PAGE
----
In the sad but unfortunately common situation of a family break-up, one parent may wish to change the surname of a child or children from the relationship.
There can be a variety of motivations behind this action. Where the child lives primarily with one parent, that parent may wish to signal a clean break with the past by changing the child’s surname to their own. In situations of family and domestic violence there may be other, more urgent reasons for trying to change a child’s name.
Formally changing a person’s name, including a child, is a legal process.
If both parents are named on the birth certificate, you will need the consent of the other parent to change your child’s last name.
If the presumption of equal shared parental responsibility between the parents under the Family Law Act 1975 (“the Act”) applies, you will need the consent of both parents.
This requirement of ‘consent’ obviously poses significant challenges where one parent withholds it, where one parent cannot be located, or where there is family and domestic violence present.
This article looks at how this impasse is resolved and also, when children are legally able to apply to change their name, independent of their parents.
How is a dispute about changing a child’s name resolved?
Disputes about a child’s name change often arise when one parent starts using a name for the child without the consent of the other parent.
If the sole issue for determination is the child’s name change, a parent may apply to the Magistrates Court of Queensland to approve a change of name. The Registrar can approve such an application so long as they are satisfied that the name is not a prohibited name, and the change is in the child’s best interest
Alternatively, a party may apply to the Federal Circuit and Family Court of Australia (FCFCOA) for a decision on whether the child’s name should change.
Before a party can apply to the FCFCOA, they are required to comply with pre-action procedure and attempt family dispute resolution mediation with the other parent to try and resolve the issue before applying to the Court to intervene.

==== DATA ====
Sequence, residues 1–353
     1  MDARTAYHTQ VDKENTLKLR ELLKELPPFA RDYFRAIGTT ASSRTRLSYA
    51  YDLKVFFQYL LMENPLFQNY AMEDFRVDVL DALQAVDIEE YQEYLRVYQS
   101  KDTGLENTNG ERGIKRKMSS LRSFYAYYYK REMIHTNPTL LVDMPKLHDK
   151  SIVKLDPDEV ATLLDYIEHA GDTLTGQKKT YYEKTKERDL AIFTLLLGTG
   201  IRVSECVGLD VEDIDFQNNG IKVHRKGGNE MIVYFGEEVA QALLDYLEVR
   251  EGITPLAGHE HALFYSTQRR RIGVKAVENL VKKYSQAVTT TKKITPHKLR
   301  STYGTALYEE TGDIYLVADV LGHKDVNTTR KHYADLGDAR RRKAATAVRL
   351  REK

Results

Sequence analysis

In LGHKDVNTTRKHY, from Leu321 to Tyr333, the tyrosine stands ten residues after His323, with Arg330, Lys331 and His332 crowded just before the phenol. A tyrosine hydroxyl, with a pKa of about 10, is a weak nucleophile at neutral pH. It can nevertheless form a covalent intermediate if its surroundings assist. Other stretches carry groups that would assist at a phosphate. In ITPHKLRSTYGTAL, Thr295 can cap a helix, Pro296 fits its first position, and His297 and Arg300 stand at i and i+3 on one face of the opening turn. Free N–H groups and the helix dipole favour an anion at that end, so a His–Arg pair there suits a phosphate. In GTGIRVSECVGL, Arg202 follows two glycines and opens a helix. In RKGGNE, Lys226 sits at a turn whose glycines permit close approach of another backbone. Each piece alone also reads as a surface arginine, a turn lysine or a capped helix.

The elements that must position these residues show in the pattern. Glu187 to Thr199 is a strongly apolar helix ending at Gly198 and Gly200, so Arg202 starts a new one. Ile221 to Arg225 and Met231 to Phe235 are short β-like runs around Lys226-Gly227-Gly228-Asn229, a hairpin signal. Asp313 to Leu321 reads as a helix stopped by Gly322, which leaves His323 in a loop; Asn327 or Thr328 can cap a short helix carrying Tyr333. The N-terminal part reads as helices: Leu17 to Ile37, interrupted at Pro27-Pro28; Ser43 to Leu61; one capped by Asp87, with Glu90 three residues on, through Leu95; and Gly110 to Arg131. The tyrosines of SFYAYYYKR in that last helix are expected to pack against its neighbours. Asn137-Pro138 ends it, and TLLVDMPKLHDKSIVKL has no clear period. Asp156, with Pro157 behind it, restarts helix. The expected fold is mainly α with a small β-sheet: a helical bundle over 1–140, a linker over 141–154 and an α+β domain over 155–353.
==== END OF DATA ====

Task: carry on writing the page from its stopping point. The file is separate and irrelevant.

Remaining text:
The Act requires both parents make a ‘genuine effort’ to reach agreement in relation to making decisions on issues concerning a child or children from the relationship.
If the mediation and conciliation fail and the Court is forced to make a determination, its decision will be based on the paramount principle of the child’s ‘best interests’.
In S & H  FMCAfam 97, the Court listed factors it considers in relation to deciding on a child’s change of name, including:
- both short and long-term effects of any change in the child’s surname;
- any embarrassment likely to be experienced by the child if its name is different from that of the parent with residence or day-to-day care of the child;
- any confusion of identity which may arise for the child if his or her name is changed or is not changed;
- the effect which any change in surname may have on the relationship between the child and the parent who opposes the change;
In the case of Chapman v Palmer (1978) FLC, the Court also considered the effect of frequent or random changes of name on the child.
Other factors considered by the Court have included; how much contact the other parent has had and is likely to have in the future with the child; and the degree of identification that the child now has with each parent.
What are the child’s rights in regards to a name change?
If the child is 12 years or older, their wishes about whether they want to change their surname must be considered.
To change their name, a person must be 18 years of age and their birth must be registered in the state in which they make the name change application. If born overseas, there is a period in each state for which the person must have resided before making the application.
How expert legal advice can help
Changing a child’s name is one of many complex issues to work out after separation or divorce. Under the family law legislation, both parents must agree to the proposed name change before it can be formally registered, except where one parent is deceased, can’t be located or, in some cases, there is family violence present.
Availing yourself of the advice and guidance of legal professionals with years of experience in helping clients through difficult family law matters is a smart choice when it comes to a dispute about changing a child’s name. Contact our expert team at Delaney & Delaney today for specialist advice on any of the issues raised in this article.